Åsmund Lærdal was an innovator.

He had a unique ability to spot needs, and develop products and systems that met those needs in the best possible ways. This ability enabled him to create niches and become a market leader, also through continuous improvements. Quality was an absolute demand in the company which he developed via 'Åsmund S. Lærdal. Paper and Plastics Industry' to 'Laerdal Medical'. «When people trust us, and want to exchange their money for our products, the exchange should always benefit them», he said.

Throughout 25 years, such exchanges related to children's joy. «Remember that good toys are vitamins for children» he told his employees.

Understood the power of advertising

At an early age he knew that in addition to doing something for himself and his family, he wanted to help others. Working out his methods, and recognizing the potential of advertising, Åsmund Lærdal spent a year studying this new subject, together with marketing, at the Copenhagen School of Economics. His quickly established pictograms reflect his grasp of the power of advertising. The clog with mast and sail, and the Tomte 'nisse' carrying a sack full of surprises and joy, were clear signals.

We can see this grasp equally in advertisements that appeal directly to the groups in question, whether parents and grandparents or dealers. Drawings of happy children ensure an immediate appeal which is reinforced by arguments. The company's books and toys 'have lasting value, as popular in years to come as they are today.'

Having developed his company into Norway's largest supplier of picture books and wooden toys, Åsmund Lærdal was the first in Europe with the attractive Anne dolls, and quickly became the market leader. He was an expert in what we today call implementing – spreading the new and having it used widely. In this sense, his greatest success was the Tomte cars. Even today, when we are used to international products that 'everyone' wants, 100 million cars, to children all around the world, appears impressive.

Sustained effort to promote life-saving

Åsmund Lærdal's strengths were equally decisive when he moved his goal from delivering children's joy over to promoting life-saving. Leading specialists immediately recognized the Resusci-Anne training manikin as an important innovation. However, their enthusiasm was not enough to have her adopted; during the first year he sold one single manikin in the US, at half price. Untiring effort and investment of resources were needed to make a break-through for instruction. He persuaded savings banks to donate 650 manikins to Norwegian schools, supported research that confirmed that children also could learn to master the mouth-to-mouth method, printed manuals and guidelines, organized symposia, and was a central force in making Norway a pioneering company in life-saving.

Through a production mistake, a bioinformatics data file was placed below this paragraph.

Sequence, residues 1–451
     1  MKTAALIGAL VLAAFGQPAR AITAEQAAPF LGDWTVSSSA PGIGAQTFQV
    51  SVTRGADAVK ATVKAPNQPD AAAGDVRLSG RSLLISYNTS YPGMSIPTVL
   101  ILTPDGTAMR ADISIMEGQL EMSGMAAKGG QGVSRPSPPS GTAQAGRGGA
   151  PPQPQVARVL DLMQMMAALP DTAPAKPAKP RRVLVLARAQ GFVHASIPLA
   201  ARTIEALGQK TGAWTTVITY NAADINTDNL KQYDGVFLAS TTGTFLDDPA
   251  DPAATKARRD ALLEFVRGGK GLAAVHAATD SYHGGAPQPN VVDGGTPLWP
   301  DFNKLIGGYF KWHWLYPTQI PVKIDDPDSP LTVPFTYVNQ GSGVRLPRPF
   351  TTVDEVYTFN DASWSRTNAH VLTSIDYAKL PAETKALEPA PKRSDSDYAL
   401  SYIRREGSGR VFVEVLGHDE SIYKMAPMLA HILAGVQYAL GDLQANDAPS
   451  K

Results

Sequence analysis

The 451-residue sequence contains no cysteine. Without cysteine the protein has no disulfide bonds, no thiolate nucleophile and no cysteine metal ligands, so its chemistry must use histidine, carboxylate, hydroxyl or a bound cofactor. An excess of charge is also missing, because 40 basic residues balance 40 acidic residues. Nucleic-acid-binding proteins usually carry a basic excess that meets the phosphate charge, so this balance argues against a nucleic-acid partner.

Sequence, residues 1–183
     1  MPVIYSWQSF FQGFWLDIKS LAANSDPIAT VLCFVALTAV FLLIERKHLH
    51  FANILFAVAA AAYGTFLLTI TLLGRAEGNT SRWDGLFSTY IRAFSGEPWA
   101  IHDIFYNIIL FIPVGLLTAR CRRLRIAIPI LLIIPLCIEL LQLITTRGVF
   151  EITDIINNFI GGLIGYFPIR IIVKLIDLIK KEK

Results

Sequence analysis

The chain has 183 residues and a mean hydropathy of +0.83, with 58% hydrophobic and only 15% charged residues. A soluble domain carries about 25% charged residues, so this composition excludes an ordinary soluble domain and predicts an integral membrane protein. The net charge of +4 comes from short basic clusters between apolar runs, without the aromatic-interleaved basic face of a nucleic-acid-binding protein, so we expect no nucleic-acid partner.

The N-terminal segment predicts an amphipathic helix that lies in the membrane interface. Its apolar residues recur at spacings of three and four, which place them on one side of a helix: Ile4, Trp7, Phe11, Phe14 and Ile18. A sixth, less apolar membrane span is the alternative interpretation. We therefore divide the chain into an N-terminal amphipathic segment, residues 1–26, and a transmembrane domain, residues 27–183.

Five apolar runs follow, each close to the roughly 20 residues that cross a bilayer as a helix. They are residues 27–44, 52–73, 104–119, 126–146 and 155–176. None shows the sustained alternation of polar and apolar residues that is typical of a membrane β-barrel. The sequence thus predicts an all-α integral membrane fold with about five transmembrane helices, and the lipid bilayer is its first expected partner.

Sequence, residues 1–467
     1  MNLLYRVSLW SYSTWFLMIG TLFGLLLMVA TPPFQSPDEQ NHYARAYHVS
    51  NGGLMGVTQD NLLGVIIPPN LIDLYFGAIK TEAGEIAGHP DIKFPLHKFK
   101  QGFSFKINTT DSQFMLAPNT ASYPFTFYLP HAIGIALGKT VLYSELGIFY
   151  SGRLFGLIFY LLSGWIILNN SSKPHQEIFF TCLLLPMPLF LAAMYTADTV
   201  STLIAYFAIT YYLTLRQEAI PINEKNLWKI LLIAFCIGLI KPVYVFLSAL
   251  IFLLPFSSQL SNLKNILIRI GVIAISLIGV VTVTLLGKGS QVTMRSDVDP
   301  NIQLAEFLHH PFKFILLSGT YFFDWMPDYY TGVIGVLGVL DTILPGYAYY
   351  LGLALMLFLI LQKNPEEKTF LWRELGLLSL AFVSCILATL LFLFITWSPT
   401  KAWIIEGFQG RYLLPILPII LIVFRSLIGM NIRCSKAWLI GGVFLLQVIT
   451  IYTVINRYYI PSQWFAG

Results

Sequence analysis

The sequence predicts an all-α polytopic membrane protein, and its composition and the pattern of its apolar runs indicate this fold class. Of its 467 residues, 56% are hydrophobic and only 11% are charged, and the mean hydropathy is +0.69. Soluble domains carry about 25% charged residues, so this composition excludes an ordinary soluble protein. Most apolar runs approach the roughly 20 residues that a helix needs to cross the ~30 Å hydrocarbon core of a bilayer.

When Åsmund Lærdal died in 1981, at the age of 68, he left behind a unique legacy: a solid company that led the world in its increasingly high-tech niche, renowned for innovation and quality. Employees and collaborators trusted him so fully that they, like him, kept striving to make the impossible possible.

A man of deeds rather than words

He was a listener who always let action and deeds become greater than words. Most of all, he was a man of duty. The core of what others might see as idealism was a strong feeling of responsibility. He had been given his capacity and abilities in order to use them.

The trust which he inspired also related to his ability to gather bits and put them together, discern important connections and links to the future, and communicate in easy-to-grasp ways. Precisely this ability to communicate is a key element of implementing: developing new insight, and ensuring that it is spread widely and adopted, in places where it may be truly useful.


Written by Nina Tjomsland

Translated by Piers Crocker